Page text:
ClinQuiz: Ectoparasites

ClinQuiz: Ectoparasites

Test your knowledge of external parasites with this short quiz. But don't worry, unlike the examinations you took in school, the answers, with complete explanations, are provided.
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Aug 14, 2008
ClinQuiz

Figure 1. The brown dog tick, Rhipicephalus sanguineus, can be identified by its solid brown color, relatively short mouthparts, and laterally projected basis capituli.
1) The brown dog tick, Rhipicephalus sanguineus, is unusual in that it survives inside homes and kennels, feeding on dogs in all stages of its life cycle and, thus, is frequently found on dogs across the United States. It can be identified by its solid-brown color, relatively short mouthparts, and laterally projected basis capituli (Figure 1). Historically considered to have a strict preference for dogs, this tick was recently implicated in an outbreak involving the transmission of which of the following agents to dogs and people?

A. Borrelia burgdorferi, the agent of Lyme disease

B. Rickettsia rickettsii, the agent of Rocky Mountain spotted fever

C. Trypanosoma cruzi, the cause of Chagas disease, or American trypanosomiasis, in both dogs and people




Figure 2. A parasite removed from a subcutaneous cyst on the neck of a cat.
2) The parasite shown in Figure 2 was removed from a subcutaneous cyst on the neck of a 3-month-old barn cat. Although the prognosis after successful removal of this parasite is good, occasionally these parasites will migrate aberrantly in kittens and older cats, resulting in which clinical presentation?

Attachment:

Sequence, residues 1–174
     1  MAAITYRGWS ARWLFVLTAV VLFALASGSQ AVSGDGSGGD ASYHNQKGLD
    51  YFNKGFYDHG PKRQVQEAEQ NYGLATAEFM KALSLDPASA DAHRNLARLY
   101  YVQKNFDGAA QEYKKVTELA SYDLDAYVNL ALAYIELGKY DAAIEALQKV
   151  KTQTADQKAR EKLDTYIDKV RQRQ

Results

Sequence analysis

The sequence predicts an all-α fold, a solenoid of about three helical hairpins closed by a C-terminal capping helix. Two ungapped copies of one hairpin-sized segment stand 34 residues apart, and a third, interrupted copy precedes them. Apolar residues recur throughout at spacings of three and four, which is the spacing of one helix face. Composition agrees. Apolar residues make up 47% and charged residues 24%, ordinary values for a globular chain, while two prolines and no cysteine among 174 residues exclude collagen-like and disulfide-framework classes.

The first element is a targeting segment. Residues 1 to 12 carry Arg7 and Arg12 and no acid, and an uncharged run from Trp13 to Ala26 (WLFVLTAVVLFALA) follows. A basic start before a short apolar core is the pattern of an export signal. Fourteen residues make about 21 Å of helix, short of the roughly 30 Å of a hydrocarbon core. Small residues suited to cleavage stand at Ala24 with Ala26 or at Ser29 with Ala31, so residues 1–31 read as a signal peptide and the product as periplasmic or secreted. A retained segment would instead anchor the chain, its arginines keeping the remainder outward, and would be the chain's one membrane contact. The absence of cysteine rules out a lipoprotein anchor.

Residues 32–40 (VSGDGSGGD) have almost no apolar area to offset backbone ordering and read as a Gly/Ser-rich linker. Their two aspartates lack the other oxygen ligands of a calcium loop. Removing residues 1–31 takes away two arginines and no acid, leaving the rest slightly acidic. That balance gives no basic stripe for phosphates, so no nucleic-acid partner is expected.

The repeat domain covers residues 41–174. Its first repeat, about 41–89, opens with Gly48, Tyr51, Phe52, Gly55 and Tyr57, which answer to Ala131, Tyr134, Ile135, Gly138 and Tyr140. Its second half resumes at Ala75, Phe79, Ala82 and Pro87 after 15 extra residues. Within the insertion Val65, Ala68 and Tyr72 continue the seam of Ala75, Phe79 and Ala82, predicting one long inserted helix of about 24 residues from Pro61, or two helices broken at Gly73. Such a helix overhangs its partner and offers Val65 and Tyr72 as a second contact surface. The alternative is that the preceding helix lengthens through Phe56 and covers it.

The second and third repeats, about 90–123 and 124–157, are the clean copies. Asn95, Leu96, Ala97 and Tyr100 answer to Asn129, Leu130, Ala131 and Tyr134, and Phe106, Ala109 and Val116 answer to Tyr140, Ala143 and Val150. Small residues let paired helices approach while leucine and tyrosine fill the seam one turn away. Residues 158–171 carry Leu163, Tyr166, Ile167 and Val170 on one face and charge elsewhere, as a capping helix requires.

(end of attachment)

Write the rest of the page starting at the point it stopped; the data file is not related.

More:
A. Signs of neurologic disease due to migration in the central nervous system

B. Pruritic skin lesions associated with tortuous tracts of inflammation in the dermis

C. Hepatomegaly and splenomegaly due to visceral migration of larvae



Figure 3A. A tick removed from a dog that presented in southern Missouri with fever, lethargy, and thrombocytopenia.
Figure 3B. An organism found in a neutrophil on a blood smear (modified Wright's stain [Diff-Quik-Dade Behring]; 1,000X).

3) A 5-year-old mixed-breed dog from southern Missouri was presented for evaluation in early June with numerous ticks attached (Figure 3A). The dog was febrile and depressed. A complete blood count showed a normocytic, normochromic, nonregenerative anemia and mild thrombocytopenia. A blood smear revealed the organisms seen in Figure 3B. What is the most appropriate treatment?

A. Doxycycline, 10 mg/kg once a day for 28 days

B. Amoxicillin, 20 mg/kg twice a day for seven days

C. Enrofloxacin, 5 mg/kg once a day for 14 days




Figure 4. An arthropod submitted from an infested home in which both the dog and client were receiving numerous bites.
4) A client with a 4-year-old spayed female American Staffordshire terrier calls your office to report a tick infestation in his home. He describes bites on both himself and the dog, especially at night (the dog sleeps with him). Later that day, he brings in the organism shown in Figure 4 and requests a tick-control product to eliminate the infestation. What organism is this?

A. Cimex species, the common bedbug

B. Rhipicephalus species, the brown dog tick or kennel tick

C. Ornithodoros species, a soft tick common on bats, rodents, birds, and reptiles




Figure 5. An organism found on a skin scrape of a hyperkeratotic lesion on extremely pruritic dog (unstained; 400X).
5) The organism seen in Figure 5 was found on a skin scrape from a hyperkeratotic patch on the elbow of an extremely pruritic 6-year-old mixed-breed dog. Which of the following products is labeled in the United States to provide safe, effective treatment of infestations with this parasite?

A. Selamectin, 6 mg/kg, applied topically at the base of the neck

B. Ivermectin, 0.2 mg/kg, administered orally or subcutaneously; repeat in two weeks

C. Amitraz, 250 ppm dip, applied to the entire animal topically; repeat in two weeks